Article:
Specifically, ISBE informed Woodland and Fremont that it would no longer consider students attending Prairie Crossing as part of determining the ADA [average daily attendance] divisor for each of Woodland and Fremont. The effect of ISBE’s change in practice is such that the ADA divisor for both Woodland and Fremont would be decreased, thus having the net effect of increasing the total per capita tuition charged for Woodland and Fremont.

The complaint also claims this change will allegedly result in a “larger diversion of funds from Woodland and Fremont to Prairie Crossing.” In addition, it alleges that the state also told the school districts that it will apply the change retroactively to recalculate funds owed to Prairie Crossing for 2013 and 2014. The school districts seek a court order that all students who reside in Fremont or Woodland should be counted for purposes of calculating a per capita tuition figure, and a declaration that ISBE lacks the authority to retroactively adjust the districts’ claims for previous years.   Source: Courthouse News Service, 5/18/15, By Jack Bouboushan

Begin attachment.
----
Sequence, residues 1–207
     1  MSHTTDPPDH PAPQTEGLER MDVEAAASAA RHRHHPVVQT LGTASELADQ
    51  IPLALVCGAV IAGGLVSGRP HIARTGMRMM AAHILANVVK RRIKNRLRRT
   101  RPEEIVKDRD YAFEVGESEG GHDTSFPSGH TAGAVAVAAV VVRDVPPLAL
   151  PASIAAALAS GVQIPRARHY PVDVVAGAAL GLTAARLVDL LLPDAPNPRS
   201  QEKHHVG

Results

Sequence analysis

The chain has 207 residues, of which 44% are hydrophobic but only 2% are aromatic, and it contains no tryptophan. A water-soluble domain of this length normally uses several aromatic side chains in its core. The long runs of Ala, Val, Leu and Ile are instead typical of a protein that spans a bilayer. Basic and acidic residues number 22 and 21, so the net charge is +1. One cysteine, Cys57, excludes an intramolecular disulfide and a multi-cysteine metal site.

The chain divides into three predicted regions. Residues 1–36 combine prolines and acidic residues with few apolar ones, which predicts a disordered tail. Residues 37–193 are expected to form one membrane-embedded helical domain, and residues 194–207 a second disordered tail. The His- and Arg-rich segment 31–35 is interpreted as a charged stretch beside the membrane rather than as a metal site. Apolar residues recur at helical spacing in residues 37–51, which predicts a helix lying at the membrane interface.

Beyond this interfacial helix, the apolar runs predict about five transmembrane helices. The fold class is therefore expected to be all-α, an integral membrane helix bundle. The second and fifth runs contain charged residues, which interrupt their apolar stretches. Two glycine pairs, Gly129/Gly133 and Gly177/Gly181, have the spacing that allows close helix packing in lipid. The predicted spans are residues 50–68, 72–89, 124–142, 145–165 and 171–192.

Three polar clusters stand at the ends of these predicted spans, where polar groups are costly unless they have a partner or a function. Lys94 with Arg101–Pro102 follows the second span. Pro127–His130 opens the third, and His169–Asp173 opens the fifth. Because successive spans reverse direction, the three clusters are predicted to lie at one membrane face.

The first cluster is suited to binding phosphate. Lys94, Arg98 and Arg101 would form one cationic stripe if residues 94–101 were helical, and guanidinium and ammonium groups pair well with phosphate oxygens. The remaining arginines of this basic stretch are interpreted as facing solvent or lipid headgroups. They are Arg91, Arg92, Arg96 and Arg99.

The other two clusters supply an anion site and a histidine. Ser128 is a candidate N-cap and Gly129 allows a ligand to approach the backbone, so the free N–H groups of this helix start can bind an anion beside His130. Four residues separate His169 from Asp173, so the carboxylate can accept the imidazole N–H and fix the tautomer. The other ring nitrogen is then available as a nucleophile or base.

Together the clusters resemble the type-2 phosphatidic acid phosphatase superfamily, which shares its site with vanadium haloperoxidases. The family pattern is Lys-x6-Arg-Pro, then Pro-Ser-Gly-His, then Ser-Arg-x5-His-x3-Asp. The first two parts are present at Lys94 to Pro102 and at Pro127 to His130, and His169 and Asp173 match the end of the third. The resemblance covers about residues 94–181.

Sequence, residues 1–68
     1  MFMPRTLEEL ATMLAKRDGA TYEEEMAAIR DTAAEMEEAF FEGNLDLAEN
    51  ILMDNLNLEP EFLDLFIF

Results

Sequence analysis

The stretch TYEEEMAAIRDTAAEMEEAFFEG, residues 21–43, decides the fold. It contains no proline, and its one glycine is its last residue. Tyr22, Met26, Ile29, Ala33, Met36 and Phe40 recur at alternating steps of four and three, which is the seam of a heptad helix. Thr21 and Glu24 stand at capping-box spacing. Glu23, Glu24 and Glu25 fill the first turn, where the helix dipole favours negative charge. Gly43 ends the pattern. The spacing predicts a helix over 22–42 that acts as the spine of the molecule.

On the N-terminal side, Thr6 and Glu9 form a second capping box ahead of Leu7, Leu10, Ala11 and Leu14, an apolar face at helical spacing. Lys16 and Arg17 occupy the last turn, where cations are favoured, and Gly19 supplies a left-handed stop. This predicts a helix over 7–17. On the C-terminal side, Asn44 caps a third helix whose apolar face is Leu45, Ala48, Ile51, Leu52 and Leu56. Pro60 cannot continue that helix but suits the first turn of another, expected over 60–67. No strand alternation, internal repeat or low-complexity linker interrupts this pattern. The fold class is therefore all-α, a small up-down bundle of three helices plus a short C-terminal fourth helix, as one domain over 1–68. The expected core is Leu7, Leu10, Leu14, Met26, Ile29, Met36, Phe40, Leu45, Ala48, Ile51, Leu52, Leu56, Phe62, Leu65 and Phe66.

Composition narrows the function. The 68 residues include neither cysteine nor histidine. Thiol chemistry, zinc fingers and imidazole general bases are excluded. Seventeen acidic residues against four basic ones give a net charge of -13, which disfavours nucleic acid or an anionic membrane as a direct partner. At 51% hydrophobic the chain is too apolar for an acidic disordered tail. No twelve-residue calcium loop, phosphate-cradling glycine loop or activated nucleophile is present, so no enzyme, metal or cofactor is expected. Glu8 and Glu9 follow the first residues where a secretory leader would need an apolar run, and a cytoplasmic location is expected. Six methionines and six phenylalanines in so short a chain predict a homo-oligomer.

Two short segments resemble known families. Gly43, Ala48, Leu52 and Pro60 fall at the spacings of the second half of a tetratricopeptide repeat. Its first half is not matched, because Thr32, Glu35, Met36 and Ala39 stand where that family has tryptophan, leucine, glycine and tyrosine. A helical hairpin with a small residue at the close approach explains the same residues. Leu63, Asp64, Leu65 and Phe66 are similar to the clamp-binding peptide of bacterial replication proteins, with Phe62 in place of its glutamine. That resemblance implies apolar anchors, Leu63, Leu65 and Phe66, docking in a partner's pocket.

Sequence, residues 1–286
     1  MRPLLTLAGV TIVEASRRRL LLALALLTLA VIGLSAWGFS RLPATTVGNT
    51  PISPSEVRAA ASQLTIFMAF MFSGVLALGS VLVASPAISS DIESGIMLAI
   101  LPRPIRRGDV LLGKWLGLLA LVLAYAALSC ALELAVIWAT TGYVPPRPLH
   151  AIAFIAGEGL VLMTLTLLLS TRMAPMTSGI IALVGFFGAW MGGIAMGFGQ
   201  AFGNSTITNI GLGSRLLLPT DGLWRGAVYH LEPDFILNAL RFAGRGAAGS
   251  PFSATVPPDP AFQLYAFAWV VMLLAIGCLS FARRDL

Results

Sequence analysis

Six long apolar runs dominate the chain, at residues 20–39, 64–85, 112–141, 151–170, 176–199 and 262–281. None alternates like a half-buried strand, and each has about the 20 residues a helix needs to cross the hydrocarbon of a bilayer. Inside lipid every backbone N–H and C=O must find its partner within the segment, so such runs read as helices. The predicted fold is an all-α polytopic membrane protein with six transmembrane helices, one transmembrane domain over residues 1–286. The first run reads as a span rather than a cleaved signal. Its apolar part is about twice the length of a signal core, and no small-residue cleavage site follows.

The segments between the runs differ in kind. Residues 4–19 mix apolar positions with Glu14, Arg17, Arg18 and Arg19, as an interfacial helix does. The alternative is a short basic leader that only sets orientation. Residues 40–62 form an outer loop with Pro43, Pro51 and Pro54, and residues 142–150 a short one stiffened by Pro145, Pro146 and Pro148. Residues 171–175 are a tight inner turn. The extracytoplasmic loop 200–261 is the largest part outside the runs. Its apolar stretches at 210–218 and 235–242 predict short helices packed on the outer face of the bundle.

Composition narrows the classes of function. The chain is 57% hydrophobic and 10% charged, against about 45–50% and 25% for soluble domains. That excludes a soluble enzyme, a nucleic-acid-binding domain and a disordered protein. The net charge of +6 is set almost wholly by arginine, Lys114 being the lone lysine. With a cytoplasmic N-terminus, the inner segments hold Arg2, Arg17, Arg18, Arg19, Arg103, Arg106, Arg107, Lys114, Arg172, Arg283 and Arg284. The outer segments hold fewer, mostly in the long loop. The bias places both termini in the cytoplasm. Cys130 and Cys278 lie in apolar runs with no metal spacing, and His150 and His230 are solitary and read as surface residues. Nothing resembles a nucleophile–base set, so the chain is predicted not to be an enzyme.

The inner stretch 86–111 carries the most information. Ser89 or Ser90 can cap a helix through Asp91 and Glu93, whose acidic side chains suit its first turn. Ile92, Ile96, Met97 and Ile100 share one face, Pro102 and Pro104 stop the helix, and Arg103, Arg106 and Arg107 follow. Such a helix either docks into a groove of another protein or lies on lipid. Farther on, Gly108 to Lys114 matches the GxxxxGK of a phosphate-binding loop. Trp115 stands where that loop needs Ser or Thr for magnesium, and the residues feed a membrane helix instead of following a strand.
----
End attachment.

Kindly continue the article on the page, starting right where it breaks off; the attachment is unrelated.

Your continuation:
[Editor’s Note: In December 2014, Legal Clips summarized an article in the New Orleans City Business reporting that a Louisiana district court rejected a motion by the Louisiana Association of Educators (LAE) seeking a preliminary injunction barring the state from funding 33 charter schools that the Louisiana Board of Education (LBOE) authorized. The court concluded that LAE failed to show it would be irreparably harmed because money from the public school financing formula was going to the charter schools.]

Federal district court permanently enjoins South Carolina district’s past practice of school-sponsored prayer, but finds current policy of permitting student initiated and lead prayer at school events is constitutional

American Humanist Ass’n v. South Carolina Dep’t of Educ., No. 13-2471 (D.S.C. May 18, 2015)